The Metaphysics of Creation
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Saint Thomas writes at the beginning of his Summa Theologica:
Our natural knowledge begins with our senses. Hence our natural knowledge can go as far as it can be led by sensible things. But our mind cannot be led by senses so far as to see the essence of God; because the sensible effects of God do not equal the power of God as their cause. Hence from the knowledge of sensible things the whole power of God cannot be known; nor therefore can His essence be seen. But because they are His effects and depend on their cause, we can be led from them so far as to know of God “whether He exists,” and to know of Him that must necessarily belong to Him, as the first cause of all things, exceeding all things caused by Him.
Hence we know that His relationship with creatures so far as to be the cause of them all; also that creatures differ from Him, inasmuch as He is not in any way part of what is caused by Him; and that creatures are not removed from Him by reason of any defect on His part, but because He super-exceeds them all.
Therefore, we can reasonably say that spirit and energy are in God, but exist indistinctly in his oneness. The application of limiting forms gives those two aspects a distinct existence in relation to one another as creatures and a distinct but transcendental existence on the part of God. The application of forms is how God creates.
A Theory of Creation
There is, it seems, between metaphysics and experimental sciences, a gap that the philosophy of nature cannot fill. It is true to say that Thomas Aquinas and Aristotle, the great masters of hylomorphism, the basis of my discourse, glimpsed the reality as both physical and metaphysical, while taking care to distinguish between the two perspectives. In fact, physics examines the corporal elements and their different forms according to their natures in genesis, while metaphysics is focused on their fixed natures or their essences, from the standpoint of Being and of its participating beings. However, these two sciences have developed in the margins of each other and we have not succeeded in bringing the two to a common understanding of the origin of beings.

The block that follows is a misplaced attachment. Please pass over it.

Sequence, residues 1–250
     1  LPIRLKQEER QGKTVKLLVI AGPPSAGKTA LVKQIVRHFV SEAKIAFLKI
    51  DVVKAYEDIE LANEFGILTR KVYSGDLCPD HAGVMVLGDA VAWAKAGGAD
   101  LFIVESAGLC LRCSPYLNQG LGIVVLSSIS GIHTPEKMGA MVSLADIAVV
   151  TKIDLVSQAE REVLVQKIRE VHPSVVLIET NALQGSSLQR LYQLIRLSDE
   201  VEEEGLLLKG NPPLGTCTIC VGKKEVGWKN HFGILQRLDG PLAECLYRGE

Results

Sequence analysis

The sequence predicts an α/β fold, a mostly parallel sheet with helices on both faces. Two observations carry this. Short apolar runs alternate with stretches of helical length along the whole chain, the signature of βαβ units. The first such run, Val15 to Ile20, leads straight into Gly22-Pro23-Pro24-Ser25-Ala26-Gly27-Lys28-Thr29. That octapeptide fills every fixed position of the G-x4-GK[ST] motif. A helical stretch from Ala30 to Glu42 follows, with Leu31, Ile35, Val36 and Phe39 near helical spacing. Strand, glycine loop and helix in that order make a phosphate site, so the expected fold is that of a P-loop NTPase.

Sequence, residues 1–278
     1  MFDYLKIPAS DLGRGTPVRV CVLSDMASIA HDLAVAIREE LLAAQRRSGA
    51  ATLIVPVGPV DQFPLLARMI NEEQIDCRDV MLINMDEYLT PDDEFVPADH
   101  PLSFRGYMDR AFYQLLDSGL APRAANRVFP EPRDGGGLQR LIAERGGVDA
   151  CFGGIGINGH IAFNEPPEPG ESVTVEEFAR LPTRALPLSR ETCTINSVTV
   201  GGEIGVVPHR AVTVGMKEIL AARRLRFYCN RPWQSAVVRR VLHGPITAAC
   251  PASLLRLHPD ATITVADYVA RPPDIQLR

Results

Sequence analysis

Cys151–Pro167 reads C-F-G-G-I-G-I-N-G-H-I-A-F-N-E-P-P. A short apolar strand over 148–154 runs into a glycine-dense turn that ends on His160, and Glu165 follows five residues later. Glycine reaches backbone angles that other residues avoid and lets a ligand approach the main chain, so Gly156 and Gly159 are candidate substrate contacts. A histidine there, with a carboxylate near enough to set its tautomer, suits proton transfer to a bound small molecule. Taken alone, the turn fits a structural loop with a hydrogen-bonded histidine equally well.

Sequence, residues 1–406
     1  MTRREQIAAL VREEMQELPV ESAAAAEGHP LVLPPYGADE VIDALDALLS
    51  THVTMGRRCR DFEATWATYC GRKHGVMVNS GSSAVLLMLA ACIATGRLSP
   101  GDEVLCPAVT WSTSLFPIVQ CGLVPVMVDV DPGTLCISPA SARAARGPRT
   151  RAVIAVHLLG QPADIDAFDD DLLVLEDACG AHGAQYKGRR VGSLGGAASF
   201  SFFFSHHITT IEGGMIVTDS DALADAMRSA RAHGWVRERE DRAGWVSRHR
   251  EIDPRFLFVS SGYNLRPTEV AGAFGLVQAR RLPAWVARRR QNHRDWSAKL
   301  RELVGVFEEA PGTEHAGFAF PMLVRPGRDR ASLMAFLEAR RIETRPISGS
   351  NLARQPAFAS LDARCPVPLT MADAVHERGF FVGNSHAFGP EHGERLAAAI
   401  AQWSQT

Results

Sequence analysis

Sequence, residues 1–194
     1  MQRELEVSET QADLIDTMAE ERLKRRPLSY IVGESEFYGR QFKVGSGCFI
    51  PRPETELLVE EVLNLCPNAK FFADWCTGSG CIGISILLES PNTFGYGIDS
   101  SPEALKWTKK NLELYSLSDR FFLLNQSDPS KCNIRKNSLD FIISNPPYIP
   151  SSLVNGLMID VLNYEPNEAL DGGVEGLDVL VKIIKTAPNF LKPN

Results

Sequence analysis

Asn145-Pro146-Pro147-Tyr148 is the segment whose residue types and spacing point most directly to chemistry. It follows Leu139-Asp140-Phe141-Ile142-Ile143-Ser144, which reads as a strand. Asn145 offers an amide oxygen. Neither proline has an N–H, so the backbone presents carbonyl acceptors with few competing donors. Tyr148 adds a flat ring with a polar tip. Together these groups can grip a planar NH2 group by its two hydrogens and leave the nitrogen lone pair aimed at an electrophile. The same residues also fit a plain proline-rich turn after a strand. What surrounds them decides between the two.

We must first admit that the sensible universe is the common principle of knowledge for these two sciences: the empirical (physical), which attains its knowledge through hypothesis and experimentation, and the metaphysical (meta ta phusika “after physics”), which comes to its own knowledge through abstraction and analogy. This means that not only the physical knowledge, but also the metaphysical knowledge must be based on concrete objects in order for the mind to succeed in perceiving the shadow of “Being in itself” where lies the meaning of creation. In spite of the transcendence imposed by the non-commensurability between the finite and the infinite, the two sciences can collaborate in unveiling the creative process while remaining distinct from one another. Because it lacks the logical sequence required to link the Creator to the reality of energideas, analogy is not sufficient, by itself, to establish in the intellect a bridge between Being and beings. On the other hand, because the infinite Being is immanent in its participating finite beings, analogy can create an opening towards the relationship we want to discover. Thus, a light seems ready to illuminate and make visible the mysterious road that leads to the place where things have acquired their reality. Thus, since physics and metaphysics have a common role as objects of knowledge we can use their complementarity to search for an integral conception of the universe according to its being and its becoming?
Can we say that God does not create by drawing things from himself, but rather that he draws them from “non-being”? Would it be more exact to say that he creates from nothing that is pre-existant outside of himself? Being is the infinite ALL and nothing that is possible (or feasible) exist outside of it, not even the idea of nothing because all beings, including ideas, are participants of Being and cannot be “from nothing”. Thomas Aquinas says it well: “Matter and form virtually pre-exist in God as their primary cause. “